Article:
In 2006, I was lucky enough to take a battlegroup to train in Canada.  It was a month-long field exercise and we were to spend about 12 days involved in a Tactical Engagement Simulation Exercise (or TESEX).  This is a live training event using lasers to simulate weapons effects and allows participants to play out their plans and practice their tactics, techniques and procedures in an adversarial setting.  Think of the biggest game of LaserQuest that you can imagine and you won’t be far off the mark!

Just before the exercise started, I explained to all of the team leaders what it was I wanted us to achieve, how we were to approach the exercise, and what particular characteristics and behaviours we should seek to develop in ourselves and our own teams. This was particularly important to me because we were due to deploy on operations within 4 months of this exercise ending. Amongst the things I listed were; mission focus, operating with clarity in chaotic situations, risk awareness, avoiding risk aversion, and having the determination to overcome obstacles, setbacks and challenges.  I then announced rather lightheartedly that we would declare the individual within the battlegroup who had best demonstrated the characteristics that we sought to be the “Battlegroup ‘Rock Star’”.  There was no long and involved nomination process, just a short verbal brief of who in their team deserved to recognition and why and we decided there and then.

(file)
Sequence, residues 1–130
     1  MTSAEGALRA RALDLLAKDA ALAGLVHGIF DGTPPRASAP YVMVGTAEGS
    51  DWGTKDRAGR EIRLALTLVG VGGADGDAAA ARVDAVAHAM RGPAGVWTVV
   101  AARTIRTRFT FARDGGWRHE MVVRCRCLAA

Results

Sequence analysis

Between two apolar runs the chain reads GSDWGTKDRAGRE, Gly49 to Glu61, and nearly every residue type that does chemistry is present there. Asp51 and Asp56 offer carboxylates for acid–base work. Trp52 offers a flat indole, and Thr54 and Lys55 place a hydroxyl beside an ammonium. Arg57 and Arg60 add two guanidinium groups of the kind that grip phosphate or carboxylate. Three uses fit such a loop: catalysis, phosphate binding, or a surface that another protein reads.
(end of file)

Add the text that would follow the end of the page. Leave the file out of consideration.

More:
We fought five mock battles and after each battle duly identified the member of the battlegroup who had displayed such determination, indomitable spirit, initiative and commitment.  Their name was announced to the leadership team with an instruction to inform their teams after each of the After Action Reviews and we then moved onto the next battle.  I thought nothing more of it.

One of the recipients was a very popular and likeable soldier nicknamed Bagpuss, who had just kept on going and going in the face of all sorts of obstacles and was absolutely physically spent at the end of that particular mock battle.  Some five days later, at the end of the whole exercise, the Regimental Sergeant Major told me; “Bagpuss and his mates are absolutely over the moon that he was named as the Rock Star.”  We decided there and then to make more of the award than we had originally intended and got certificates made for each of the five, had them framed and then got the 650 men and women of the battlegroup on parade and presented the awards in front of them.

I learned again, that day, the importance of recognition, reward and rituals.  Naming a ‘Rock Star’ started out as a bit of fun but it soon became clear that it was a great vehicle through which we could celebrate and encourage the behaviours that we wanted to see. It allowed me to set the tone for the future and the parade gave me an opportunity to reinforce that message before we went on operations. It was a powerful source of motivation and a way to say thank you, and the recipients looked as if they felt 10 feet tall. It worked because their performance had truly earned it and our recognition was authentic and genuine.

In “Leading”, Sir Alex Ferguson stated that the two most powerful words in his armoury were “Well done”.  The Rock Star was exactly that, a public and genuine demonstrable “Well done”.  From then on, I always promoted people in front of their peers, ensured that all successes were celebrated and celebrated publicly and it became a ritual.

How much time do you spend identifying and then celebrating your ‘Rock Star’s’? Enough?

After all, iT’S Leadership!!

Author: Tim Sandiford

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